The first weekend of June, my grandpa and I competed in our bass club’s year end, two-day classic tournament. The event was held on Lake Lawton, a large 14,000 marsh located in Palm Bay, Florida. It is a relatively new fishery, opened to the public just a few years ago. Not many of the club members had fished the lake, including my grandpa and I, so it was new to most of us.
My grandpa and I spent the entire day before the tournament scouting out the unfamiliar body of water. The lake is very shallow and has a lot of submerged trees and bushes, making it difficult to navigate in some places. Not to mention, in practice, the fishing was terrible for my grandpa and I. We caught three small bass all day and had absolutely no game plan going into competition.
Tournament Day 1
On the first morning of the tournament, we basically started from scratch. We began the day in an area we hadn’t fished the day before but had a lot of really nice cover around it. The two of us fished flooded bushes and pads with an assortment of baits.
The fishing was once again very slow for the first two hours of day one. We finally started catching a few small fish on speed worms and filled our limit. But we knew we needed a lot better than what we had in order to contend.
As we were getting ready to make a move, I did catch a three pounder to give us solid upgrade. However we relocated soon thereafter to the other end of the lake in search of some large fish.
My grandpa and I got back into a small isolated pond, away from the main lake. The shoreline was covered with lily pads, thick hydrilla and reeds. I began flipping the dense cover with a creature bait and caught three decent keepers within the first twenty minutes. We were highly encouraged to see three good bites come so quickly.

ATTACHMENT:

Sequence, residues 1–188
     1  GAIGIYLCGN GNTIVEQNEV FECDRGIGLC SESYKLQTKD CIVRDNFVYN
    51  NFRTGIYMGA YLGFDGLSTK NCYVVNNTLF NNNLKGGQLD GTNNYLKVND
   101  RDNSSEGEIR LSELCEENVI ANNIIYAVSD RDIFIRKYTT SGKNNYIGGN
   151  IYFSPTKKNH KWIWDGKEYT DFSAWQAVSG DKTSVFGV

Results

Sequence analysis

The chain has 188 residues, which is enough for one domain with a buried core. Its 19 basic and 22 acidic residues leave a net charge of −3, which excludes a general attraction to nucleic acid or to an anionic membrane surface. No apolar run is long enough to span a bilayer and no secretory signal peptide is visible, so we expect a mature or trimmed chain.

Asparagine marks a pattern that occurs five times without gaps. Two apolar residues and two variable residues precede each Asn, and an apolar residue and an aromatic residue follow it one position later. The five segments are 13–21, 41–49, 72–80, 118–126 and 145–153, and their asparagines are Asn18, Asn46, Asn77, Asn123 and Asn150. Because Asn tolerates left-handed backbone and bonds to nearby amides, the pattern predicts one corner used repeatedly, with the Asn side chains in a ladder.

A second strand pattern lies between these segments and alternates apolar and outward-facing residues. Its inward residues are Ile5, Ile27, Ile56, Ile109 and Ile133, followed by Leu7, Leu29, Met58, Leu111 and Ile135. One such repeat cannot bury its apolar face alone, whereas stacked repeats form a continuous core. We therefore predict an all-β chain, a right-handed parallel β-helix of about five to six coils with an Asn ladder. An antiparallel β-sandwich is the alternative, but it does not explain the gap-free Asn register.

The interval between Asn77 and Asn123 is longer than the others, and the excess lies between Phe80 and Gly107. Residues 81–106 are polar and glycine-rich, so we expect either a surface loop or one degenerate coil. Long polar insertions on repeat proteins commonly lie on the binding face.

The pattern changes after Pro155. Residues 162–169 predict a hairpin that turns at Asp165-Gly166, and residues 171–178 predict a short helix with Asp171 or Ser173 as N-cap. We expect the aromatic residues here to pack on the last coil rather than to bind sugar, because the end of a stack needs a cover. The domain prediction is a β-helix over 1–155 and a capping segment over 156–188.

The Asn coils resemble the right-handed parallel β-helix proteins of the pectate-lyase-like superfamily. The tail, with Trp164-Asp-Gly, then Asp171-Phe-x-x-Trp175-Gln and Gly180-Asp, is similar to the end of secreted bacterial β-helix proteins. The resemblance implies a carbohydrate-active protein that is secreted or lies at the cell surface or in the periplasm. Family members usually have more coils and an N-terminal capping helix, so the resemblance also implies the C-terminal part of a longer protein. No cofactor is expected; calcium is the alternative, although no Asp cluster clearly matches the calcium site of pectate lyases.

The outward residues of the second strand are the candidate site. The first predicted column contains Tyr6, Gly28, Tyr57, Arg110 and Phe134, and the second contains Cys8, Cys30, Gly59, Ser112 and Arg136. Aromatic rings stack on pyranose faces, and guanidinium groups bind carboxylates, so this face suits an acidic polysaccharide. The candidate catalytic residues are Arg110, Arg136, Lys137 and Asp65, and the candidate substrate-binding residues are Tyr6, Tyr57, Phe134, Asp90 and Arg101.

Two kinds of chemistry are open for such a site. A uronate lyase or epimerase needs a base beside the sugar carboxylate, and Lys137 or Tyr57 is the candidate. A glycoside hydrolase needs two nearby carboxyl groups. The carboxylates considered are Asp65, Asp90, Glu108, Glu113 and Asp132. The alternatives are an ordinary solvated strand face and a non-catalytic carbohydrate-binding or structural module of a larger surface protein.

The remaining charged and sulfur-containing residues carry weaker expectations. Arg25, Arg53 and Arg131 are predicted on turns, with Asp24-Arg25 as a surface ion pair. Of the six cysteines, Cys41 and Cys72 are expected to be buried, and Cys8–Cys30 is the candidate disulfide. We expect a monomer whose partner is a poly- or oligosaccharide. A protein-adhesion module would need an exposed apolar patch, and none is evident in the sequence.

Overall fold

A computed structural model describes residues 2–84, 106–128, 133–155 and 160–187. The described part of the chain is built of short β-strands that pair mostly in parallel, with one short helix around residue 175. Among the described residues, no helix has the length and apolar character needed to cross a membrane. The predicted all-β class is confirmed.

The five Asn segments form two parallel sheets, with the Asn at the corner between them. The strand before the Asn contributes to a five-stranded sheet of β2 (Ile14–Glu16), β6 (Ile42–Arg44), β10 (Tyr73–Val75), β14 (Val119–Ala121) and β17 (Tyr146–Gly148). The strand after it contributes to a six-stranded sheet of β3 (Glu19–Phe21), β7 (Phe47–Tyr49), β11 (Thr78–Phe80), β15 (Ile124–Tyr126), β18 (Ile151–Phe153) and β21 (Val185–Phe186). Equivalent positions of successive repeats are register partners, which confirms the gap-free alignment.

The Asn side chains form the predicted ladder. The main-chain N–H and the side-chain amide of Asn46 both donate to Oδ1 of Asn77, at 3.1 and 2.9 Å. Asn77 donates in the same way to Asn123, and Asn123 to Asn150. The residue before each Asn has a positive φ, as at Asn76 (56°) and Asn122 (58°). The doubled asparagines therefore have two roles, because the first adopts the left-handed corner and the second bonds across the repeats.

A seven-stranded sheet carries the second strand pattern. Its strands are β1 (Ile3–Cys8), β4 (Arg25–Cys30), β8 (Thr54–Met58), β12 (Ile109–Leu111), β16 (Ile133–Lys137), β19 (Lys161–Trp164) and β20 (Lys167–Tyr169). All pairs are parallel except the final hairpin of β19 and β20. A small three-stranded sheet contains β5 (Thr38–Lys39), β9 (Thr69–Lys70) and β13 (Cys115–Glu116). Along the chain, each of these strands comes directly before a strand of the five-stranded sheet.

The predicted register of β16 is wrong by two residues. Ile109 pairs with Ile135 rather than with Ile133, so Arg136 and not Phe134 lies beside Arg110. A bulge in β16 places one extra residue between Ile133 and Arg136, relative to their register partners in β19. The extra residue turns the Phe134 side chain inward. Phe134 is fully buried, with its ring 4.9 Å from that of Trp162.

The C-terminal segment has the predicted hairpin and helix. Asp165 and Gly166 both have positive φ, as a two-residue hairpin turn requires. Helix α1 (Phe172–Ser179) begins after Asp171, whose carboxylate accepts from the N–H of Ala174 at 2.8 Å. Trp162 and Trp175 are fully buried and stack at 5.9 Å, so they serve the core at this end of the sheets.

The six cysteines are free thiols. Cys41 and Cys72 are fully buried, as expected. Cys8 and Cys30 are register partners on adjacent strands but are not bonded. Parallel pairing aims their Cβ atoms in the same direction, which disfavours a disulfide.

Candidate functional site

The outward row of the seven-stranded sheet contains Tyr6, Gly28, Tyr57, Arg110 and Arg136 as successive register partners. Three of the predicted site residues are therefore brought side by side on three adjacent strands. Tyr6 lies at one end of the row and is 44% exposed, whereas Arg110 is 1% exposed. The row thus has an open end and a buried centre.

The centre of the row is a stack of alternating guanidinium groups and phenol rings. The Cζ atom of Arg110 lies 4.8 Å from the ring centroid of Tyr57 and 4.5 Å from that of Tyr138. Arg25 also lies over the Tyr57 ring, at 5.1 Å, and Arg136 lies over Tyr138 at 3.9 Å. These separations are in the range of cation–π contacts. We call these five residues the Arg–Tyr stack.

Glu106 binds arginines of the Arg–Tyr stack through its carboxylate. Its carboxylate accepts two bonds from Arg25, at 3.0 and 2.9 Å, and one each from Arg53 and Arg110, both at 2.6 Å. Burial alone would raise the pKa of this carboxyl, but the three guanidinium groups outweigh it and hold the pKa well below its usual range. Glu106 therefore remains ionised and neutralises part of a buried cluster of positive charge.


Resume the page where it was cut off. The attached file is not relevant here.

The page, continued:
My grandpa and I spent the remainder of day one in this area and ended up catching around twenty fish. We never caught any giants, but we ungraded our bag several more times. We ended the first day of the tournament tied for first place with 12.2 pounds of bass.
Tournament Day 2
The next morning was the final day of competition. My grandpa and I began day two in the same backwater pond we’d found the day before. The bite started out slow and we only landed one keeper bass in thee first hour. However, as we made our way further towards the back of the pond, we began catching quite a few fish. I used a prop bait to catch 5 bass in less than 5 minutes in a single area with some scattered Kissimmee grass.
With a limit in the boat we continued to slowly work our way around the pond. We caught several more fish throughout the next few hours and slowly upgraded our weight total. As morning turned to afternoon, the bite slowed once again. We knew we needed at least one more big fish in order to have a chance to win the tournament.
We’d made our way around the entire area we been fishing all morning long, so we decided to relocate. My grandpa and I rode to a couple of canals not far away but were unsuccessful. We tried one last spot close to the boat ramp as time was winding down, but never had another bite. We were forced to call it a day with what we had.
My grandpa and I weighed in 10.1 pound of bass but had a dead fish penalty that cost us half a pound and 3rd place. We ended up finishing 4th in the tournament. Although it was disappointing dropping out of first, we simply never had any big bites to put us over the top on day two.
We caught fish on three main baits during this tournament. A speed worm and topwater prop bait put quite a few fish in the boat, however it was a Texas rigged creature bait that was the key to our success. We used a craw style bait to flip thick vegetation to catch the majority of our fish throughout the tournament. This was especially true in the heat of the day. It was hot and bright and those fish were using that cover as shade and protection.
What Didn’t Work
We didn’t find enough fish in practice to have a backup plan if our first area didn’t produce. We caught most of the better fish out of that area on the first day and unfortunately, it didn’t replenish with enough quality fish for us on day two. I wish we could’ve found more areas with fish in practice, but being unfamiliar with the large body of water made it difficult.
Back to You
Thank you for reading about our latest bass tournament recap. Although its been somewhat of a challenging season for my grandpa and I, we still learn something every time we compete. I look forward to what the rest of the year holds and will have more recaps to come.